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Group of 7 countries (G7) Compared by Economy > Government expenditure

DEFINITION: General government final consumption expenditure (formerly general government consumption) includes all government current expenditures for purchases of goods and services (including compensation of employees). It also includes most expenditures on national defense and security, but excludes government military expenditures that are part of government capital formation. Data are in current U.S. dollars.".

CONTENTS

# COUNTRY AMOUNT DATE GRAPH HISTORY
1 United States 2.43 trillion 2009
2 Japan 1 trillion 2009
3 Germany 655.89 billion 2009
4 France 652.58 billion 2009
5 United Kingdom 510.02 billion 2009
6 Italy 455.4 billion 2009
7 Canada 292.14 billion 2009

Citation

"Countries Compared by Economy > Government expenditure. International Statistics at NationMaster.com", World Bank national accounts data, and OECD National Accounts data files. Aggregates compiled by NationMaster. Retrieved from http://www.nationmaster.com/country-info/group-stats/Group-of-7-countries-(G7)/Economy/Government-expenditure

Group of 7 countries (G7) Compared by Economy > Government expenditure

NationMaster

Interesting observations about Economy > Government expenditure

  • United States ranked first for government expenditure amongst Christian countries in 2009.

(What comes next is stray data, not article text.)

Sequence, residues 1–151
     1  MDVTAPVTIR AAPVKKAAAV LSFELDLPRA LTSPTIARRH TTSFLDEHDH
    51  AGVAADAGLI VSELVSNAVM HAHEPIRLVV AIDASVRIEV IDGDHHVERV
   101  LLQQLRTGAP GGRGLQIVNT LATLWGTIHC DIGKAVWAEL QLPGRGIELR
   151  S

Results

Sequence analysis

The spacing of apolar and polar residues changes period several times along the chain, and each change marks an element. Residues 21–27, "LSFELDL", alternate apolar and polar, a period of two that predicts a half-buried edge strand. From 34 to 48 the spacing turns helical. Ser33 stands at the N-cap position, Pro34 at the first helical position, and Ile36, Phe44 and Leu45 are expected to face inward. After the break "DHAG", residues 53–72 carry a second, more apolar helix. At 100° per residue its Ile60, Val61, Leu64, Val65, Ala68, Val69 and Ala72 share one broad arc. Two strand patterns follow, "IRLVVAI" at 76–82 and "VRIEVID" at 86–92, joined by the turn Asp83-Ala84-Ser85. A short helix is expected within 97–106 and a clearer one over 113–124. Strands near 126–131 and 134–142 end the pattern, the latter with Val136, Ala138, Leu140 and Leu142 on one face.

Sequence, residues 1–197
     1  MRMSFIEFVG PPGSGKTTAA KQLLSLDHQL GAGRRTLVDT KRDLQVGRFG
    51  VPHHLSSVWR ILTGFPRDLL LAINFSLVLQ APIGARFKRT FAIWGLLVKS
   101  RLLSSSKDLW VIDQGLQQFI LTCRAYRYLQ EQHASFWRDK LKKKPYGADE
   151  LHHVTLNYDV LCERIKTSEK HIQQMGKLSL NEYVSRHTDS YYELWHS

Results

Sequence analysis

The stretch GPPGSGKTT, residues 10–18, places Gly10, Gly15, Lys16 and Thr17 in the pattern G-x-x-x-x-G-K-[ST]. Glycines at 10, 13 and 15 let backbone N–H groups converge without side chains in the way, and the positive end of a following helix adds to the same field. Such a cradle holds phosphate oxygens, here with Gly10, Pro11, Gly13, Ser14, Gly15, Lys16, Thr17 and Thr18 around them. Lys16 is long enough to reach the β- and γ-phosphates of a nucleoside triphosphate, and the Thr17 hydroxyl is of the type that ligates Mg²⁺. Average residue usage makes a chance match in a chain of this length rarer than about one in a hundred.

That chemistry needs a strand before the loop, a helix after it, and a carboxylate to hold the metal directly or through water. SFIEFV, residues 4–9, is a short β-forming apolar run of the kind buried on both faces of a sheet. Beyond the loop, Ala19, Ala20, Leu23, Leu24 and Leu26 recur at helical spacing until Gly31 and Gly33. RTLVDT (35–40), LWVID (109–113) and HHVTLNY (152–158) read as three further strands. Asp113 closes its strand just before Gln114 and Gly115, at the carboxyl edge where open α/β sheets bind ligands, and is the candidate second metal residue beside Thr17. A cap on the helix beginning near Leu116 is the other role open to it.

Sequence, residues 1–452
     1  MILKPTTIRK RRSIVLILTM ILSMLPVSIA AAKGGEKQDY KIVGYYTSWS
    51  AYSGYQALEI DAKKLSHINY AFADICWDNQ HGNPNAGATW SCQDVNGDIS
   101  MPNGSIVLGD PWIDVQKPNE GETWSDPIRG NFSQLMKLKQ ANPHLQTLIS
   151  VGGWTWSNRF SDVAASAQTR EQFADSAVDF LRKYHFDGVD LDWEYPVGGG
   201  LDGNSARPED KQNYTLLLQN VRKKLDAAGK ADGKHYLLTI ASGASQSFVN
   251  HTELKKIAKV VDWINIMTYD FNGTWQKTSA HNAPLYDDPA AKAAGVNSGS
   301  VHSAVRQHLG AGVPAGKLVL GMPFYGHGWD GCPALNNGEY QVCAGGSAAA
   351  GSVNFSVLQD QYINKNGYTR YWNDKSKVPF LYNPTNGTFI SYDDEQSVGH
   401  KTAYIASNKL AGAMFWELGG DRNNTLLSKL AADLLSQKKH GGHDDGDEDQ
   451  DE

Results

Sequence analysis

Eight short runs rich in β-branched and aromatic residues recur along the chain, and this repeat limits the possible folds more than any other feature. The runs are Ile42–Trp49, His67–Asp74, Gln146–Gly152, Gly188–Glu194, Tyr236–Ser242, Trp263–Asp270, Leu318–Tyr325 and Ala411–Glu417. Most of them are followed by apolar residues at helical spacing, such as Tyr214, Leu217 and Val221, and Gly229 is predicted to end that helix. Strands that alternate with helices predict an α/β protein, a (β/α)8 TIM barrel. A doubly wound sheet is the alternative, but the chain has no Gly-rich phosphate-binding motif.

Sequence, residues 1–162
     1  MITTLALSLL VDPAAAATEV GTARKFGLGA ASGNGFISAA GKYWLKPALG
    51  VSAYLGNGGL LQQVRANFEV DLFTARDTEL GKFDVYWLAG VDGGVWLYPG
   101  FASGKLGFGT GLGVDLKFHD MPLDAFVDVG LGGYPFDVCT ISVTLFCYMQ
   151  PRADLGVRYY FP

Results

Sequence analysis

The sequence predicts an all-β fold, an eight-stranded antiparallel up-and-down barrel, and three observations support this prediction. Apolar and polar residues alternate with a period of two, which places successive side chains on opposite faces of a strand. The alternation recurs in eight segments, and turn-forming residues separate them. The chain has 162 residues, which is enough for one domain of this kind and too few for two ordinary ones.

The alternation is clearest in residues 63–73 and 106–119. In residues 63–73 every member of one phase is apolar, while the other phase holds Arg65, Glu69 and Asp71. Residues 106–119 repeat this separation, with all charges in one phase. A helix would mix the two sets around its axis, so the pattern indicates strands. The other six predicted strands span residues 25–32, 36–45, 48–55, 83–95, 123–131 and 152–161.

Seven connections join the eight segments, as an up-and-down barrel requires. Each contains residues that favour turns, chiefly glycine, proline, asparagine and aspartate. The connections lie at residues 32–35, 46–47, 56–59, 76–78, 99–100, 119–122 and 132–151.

• European Union has had the highest government expenditure since 1986.
  • Germany ranked first for government expenditure amongst Europe in 2009.
  • Brazil ranked first for government expenditure amongst Hot countries in 2009.
  • China ranked first for government expenditure amongst Emerging markets in 2009.
  • France ranked first for government expenditure amongst Catholic countries in 2009.
  • Saudi Arabia ranked first for government expenditure amongst Muslim countries in 2009.
  • Mexico ranked first for government expenditure amongst Former Spanish colonies in 2009.
  • Japan ranked second for government expenditure amongst High income OECD countries in 2009.
  • Russia ranked first for government expenditure amongst Former Soviet republics in 2009.
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